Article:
Prevalence and Causes of Vision Loss in High-Income Countries and in Eastern and Central Europe in 2015: Magnitude, Temporal Trends, and Projections

Bourne, Rupert R. A. and Jonas, Jost B. and Bron, Alain M. and Cicinelli, Maria V. and Das, Aditi and Flaxman, Seth R. and Friedman, David and Keeffe, Jill and Kempen, John H. and Leasher, Janet and Limburg, Hans and Naidoo, Kovin and Pesudovs, Konrad and Peto, Tunde and Saaddine, Jinan and Silvester, Alex and Tahhan, Nina and Taylor, Hugh R. and Varma, Rohit and Wong, Tien Y. and Resnikoff, Serge (2018) Prevalence and Causes of Vision Loss in High-Income Countries and in Eastern and Central Europe in 2015: Magnitude, Temporal Trends, and Projections. British Journal of Ophthalmology, 102 (5). pp. 575-585. ISSN 1468-2079

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Official URL: http://dx.doi.org/10.1136/bjophthalmol-2017-311258

Abstract

Background: Within a surveillance of the prevalence and causes of vision impairment in high-income regions and Central/Eastern Europe, we update figures through 2015 and forecast expected values in 2020. Methods: Based on a systematic review of medical literature, prevalence of blindness, moderate and severe vision impairment (MSVI), mild vision impairment and presbyopia were estimated for 1990, 2010, 2015, and 2020. Results: Age-standardized prevalence of blindness and MSVI for all ages decreased from 1990 to 2015 from 0.26% (0.10-0.46) to 0.15% (0.06-0.26), and from 1.74% (0.76-2.94) to 1.27% (0.55-2.17), respectively. In 2015, the number of individuals affected by blindness, MSVI and mild vision impairment ranged from 70,000, 630,000 and 610,000, respectively, in Australasia to 980,000, 7.46 million and 7.25 million, respectively, in North America and 1.16 million, 9.61 million and 9.47 million in Western Europe. In 2015, cataract was the most common cause for blindness, followed by age-related macular degeneration (AMD), glaucoma, uncorrected refractive error, diabetic retinopathy, and cornea-related disorders, with declining burden from cataract and AMD over time. Uncorrected refractive error was the leading cause of MSVI. Conclusions: While continuing to advance control of cataract and AMD as the leading causes of blindness remains a high priority, overcoming barriers to uptake of refractive error services would address approximately half of the MSVI burden. New data on burden of presbyopia identify this entity as an important public health problem in this population. Additional research on better treatments, better implementation with existing tools and ongoing surveillance of the problem are needed.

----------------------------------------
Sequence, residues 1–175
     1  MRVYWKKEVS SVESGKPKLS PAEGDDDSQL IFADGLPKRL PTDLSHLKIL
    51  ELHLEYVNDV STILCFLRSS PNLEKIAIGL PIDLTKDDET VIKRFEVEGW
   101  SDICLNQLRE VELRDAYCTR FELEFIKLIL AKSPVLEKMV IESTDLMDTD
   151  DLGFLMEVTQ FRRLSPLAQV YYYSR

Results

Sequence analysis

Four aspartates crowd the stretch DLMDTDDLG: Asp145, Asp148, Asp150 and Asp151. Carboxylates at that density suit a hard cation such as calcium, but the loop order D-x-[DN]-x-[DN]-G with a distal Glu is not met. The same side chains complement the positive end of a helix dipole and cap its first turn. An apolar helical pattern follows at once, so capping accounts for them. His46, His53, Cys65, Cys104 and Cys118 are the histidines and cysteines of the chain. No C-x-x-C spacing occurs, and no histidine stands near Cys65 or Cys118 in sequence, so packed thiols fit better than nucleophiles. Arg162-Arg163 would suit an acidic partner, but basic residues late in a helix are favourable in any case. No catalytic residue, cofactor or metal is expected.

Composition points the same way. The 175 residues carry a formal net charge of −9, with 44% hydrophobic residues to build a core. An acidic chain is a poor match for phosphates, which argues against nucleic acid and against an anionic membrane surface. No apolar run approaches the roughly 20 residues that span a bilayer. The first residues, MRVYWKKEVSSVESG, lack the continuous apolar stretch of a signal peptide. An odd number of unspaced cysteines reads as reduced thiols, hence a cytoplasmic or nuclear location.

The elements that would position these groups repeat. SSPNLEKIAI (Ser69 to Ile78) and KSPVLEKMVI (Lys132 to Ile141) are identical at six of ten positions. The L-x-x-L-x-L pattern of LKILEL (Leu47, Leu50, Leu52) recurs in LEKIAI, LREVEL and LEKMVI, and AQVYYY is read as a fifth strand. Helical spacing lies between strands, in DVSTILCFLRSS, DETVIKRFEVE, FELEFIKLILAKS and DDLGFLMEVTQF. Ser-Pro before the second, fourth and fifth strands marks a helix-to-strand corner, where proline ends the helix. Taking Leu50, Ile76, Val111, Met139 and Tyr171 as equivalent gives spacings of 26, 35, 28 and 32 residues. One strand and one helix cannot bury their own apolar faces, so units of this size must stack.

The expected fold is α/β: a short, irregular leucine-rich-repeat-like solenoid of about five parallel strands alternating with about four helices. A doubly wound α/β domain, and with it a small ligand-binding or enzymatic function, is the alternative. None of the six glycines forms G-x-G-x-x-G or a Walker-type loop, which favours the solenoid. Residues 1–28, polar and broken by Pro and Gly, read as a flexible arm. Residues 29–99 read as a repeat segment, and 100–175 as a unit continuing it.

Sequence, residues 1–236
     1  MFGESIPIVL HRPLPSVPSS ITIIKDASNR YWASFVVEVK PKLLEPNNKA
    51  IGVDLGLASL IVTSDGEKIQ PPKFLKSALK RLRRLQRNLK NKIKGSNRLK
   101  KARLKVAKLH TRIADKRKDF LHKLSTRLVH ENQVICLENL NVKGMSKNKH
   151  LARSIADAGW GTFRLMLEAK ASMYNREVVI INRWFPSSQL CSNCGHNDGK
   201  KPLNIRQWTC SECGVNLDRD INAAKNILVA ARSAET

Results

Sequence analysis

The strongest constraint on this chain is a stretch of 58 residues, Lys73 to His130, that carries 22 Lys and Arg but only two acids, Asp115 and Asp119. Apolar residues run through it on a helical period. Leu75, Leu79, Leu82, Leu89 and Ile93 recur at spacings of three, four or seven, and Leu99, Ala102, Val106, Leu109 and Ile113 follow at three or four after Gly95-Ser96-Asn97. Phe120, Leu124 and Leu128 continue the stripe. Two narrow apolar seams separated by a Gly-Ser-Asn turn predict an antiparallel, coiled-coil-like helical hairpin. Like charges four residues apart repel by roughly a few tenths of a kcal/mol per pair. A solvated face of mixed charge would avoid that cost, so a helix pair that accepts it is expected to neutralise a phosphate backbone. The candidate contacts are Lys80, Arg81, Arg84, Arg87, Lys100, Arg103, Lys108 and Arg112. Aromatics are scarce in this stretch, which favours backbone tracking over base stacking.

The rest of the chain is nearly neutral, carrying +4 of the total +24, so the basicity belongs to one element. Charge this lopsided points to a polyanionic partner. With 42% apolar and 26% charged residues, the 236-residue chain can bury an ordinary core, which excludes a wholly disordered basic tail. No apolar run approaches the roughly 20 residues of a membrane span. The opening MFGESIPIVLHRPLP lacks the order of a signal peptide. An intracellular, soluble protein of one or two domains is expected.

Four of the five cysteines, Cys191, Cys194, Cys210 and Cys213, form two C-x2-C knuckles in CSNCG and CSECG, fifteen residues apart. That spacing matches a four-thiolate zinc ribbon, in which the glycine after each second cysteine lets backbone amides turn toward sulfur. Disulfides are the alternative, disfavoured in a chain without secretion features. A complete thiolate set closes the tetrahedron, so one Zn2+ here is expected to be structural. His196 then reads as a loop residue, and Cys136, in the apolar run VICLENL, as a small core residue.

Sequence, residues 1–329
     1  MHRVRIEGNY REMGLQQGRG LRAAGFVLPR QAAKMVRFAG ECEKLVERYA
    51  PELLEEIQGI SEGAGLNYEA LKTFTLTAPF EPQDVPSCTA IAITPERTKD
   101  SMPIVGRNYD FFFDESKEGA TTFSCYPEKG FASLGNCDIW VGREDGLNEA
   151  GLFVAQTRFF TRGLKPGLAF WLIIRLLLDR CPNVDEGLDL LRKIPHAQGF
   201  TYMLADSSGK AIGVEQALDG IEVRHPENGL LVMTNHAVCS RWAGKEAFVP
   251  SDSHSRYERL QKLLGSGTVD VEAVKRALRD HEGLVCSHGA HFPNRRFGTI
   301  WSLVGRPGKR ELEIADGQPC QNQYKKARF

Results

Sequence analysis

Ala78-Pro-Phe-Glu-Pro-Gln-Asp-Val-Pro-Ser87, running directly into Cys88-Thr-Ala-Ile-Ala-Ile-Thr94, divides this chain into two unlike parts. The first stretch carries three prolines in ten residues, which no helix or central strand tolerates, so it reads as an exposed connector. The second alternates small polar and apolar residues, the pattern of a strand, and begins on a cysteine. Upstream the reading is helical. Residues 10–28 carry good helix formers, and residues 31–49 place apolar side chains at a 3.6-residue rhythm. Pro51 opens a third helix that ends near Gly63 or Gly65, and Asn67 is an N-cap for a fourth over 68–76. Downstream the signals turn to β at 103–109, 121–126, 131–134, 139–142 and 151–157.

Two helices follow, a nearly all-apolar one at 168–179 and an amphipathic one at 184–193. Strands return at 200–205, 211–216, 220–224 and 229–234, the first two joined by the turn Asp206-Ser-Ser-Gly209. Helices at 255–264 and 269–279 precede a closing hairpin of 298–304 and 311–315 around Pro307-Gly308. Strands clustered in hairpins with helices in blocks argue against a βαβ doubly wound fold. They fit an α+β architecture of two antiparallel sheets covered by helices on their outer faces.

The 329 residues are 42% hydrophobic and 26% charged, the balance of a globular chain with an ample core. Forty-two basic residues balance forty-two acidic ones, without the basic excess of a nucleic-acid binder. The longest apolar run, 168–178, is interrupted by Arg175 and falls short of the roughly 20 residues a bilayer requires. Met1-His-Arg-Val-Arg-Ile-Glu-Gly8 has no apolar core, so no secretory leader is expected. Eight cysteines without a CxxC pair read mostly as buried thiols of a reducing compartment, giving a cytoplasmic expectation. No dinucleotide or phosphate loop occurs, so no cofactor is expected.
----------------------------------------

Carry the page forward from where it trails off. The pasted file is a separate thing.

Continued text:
Item Type: Journal Article
Keywords: global burden of disease study, vision loss expert group, vision loss, blindness, vision impairment, refractive error, cataract, glaucoma, macular degeneration, epidemiology
Faculty: Faculty of Medical Science
Depositing User: Ian Walker
Date Deposited: 05 Mar 2018 12:34
Last Modified: 24 Apr 2019 11:17
URI: http://arro.anglia.ac.uk/id/eprint/702797

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